Melissa (dreadfulpenny81) wrote in talk_politics,
Melissa
dreadfulpenny81
talk_politics

Death Panels? What Death Panels?

During the heated debate last summer over the proposed health care legislation, Sarah Palin and Barack Obama kept bringing to the media the phrase 'death panels', groups of people that would decide whether or not to "pull the plug on Grandma". While Palin was misguided in her analysis (as she was trying to say that end-of-life care or the living will system was the 'death panel' when it actually wasn't), she may not have been entirely off-base.

Stories have been featured recently through several media outlets of patients in Arizona and Indiana who have been denied life-saving surgeries in the past several weeks and months due to cuts in state Medicaid budgets. In Indiana, a six-month old infant named Seth Petreikis has complete DiGeorge syndrome. A surgery that was deemed "experimental" by Medicaid was denied to him, but the company that manages Indiana's Medicaid program has offered to pay for the surgery themselves. [Source]

In Arizona, 98 people who were already approved for transplants were later told they couldn't receive the surgeries because of recent cuts to Arizona's Medicaid budget. One man was set to receive a new liver, which was donated to him by a friend who'd recently passed away. Because he couldn't pay for the $200,000 surgery, the liver went to another patient. [Source] The reason for this? On October 1, 2010, the state of Arizona removed transplants from a list of medical services that can be funded through the Arizona Health Care Cost Containment System (AHCCCS). Keith Olbermann is asking viewers of his show Countdown to donate in the hopes of funding the transplants. Meanwhile, Democrats in Arizona are now using the 'death panel' analogy as an attack against Gov. Jan Brewer and Arizona Republicans, who agreed to Medicaid cuts to balance their budget, despite protests from Democrats. [Source]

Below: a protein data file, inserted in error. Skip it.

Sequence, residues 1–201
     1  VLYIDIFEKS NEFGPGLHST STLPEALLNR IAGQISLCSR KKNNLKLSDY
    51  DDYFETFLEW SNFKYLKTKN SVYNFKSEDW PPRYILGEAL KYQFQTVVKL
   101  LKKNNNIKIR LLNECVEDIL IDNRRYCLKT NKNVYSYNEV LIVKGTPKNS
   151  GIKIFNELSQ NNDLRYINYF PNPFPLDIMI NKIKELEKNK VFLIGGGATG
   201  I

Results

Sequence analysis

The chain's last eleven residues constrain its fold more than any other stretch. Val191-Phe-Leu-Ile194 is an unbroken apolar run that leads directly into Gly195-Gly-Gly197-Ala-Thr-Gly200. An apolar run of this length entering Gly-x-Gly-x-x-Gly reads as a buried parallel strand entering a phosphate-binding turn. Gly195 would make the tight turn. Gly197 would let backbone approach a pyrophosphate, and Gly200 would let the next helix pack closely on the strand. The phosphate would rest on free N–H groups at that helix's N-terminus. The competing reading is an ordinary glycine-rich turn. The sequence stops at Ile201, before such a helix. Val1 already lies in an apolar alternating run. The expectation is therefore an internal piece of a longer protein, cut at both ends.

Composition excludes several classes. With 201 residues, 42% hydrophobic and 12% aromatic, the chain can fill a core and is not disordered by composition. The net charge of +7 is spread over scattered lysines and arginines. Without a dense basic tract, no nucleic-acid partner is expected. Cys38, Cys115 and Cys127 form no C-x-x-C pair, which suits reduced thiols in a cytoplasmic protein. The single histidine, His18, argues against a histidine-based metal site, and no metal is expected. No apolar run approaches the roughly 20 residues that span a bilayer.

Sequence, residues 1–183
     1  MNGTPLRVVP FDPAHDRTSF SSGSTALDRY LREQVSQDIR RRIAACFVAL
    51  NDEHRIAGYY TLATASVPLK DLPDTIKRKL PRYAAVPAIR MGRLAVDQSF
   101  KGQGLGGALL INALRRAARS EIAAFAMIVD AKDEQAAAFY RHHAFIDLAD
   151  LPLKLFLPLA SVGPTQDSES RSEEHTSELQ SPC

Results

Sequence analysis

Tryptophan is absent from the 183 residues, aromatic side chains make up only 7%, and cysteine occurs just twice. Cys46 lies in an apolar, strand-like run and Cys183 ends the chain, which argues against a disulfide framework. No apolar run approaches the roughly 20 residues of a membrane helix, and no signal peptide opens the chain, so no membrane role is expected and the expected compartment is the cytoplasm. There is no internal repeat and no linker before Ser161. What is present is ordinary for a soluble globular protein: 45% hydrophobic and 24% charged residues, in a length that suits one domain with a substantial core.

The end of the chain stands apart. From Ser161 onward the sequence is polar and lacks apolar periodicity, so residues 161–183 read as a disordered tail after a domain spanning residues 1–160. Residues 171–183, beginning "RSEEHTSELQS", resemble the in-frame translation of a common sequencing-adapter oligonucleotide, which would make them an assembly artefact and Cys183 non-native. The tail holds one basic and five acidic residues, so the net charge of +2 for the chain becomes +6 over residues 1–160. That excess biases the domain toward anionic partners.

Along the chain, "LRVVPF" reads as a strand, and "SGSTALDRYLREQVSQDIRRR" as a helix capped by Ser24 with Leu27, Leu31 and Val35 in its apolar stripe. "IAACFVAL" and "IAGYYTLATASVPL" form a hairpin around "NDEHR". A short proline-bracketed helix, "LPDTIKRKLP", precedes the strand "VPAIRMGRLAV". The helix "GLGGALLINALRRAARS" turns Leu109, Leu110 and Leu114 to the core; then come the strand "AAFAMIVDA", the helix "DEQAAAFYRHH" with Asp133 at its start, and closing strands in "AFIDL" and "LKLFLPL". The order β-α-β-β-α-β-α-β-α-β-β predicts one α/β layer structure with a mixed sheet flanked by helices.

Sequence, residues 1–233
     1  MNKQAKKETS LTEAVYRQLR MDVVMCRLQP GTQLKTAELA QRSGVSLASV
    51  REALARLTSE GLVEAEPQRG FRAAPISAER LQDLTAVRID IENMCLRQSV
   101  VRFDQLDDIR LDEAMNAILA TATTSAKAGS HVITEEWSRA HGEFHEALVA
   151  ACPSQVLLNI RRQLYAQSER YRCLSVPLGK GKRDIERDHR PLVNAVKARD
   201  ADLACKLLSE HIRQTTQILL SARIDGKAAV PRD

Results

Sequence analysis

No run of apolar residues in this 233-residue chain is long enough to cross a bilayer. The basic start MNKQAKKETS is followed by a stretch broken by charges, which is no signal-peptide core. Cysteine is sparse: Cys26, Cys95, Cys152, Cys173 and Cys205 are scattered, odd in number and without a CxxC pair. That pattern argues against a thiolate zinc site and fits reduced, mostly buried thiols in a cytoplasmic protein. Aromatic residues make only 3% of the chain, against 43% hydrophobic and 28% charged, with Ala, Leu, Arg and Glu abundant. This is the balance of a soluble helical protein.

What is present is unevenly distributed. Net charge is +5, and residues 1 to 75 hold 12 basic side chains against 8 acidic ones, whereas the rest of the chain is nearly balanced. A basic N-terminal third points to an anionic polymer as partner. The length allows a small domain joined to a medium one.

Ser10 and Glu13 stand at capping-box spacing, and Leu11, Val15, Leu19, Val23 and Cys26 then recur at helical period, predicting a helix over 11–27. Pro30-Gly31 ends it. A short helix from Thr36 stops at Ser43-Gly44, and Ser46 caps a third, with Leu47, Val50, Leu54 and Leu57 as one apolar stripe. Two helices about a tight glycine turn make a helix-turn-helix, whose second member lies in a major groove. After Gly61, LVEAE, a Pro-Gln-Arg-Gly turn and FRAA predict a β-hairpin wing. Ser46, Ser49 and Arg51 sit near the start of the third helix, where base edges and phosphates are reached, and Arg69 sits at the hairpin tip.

The 'death panels' Palin referred to have little to do with federal government action and more to do with state government blunders. There should be some legislation on the table to mandate organ transplant surgeries be paid for through all health care providers, public and private.Transplant boards are still necessary to sort through the amount of transplant candidates but at least someone who's promised a chance at renewed life wouldn't have to worry about that promise being taken away.
Tags: arizona, health care, human rights
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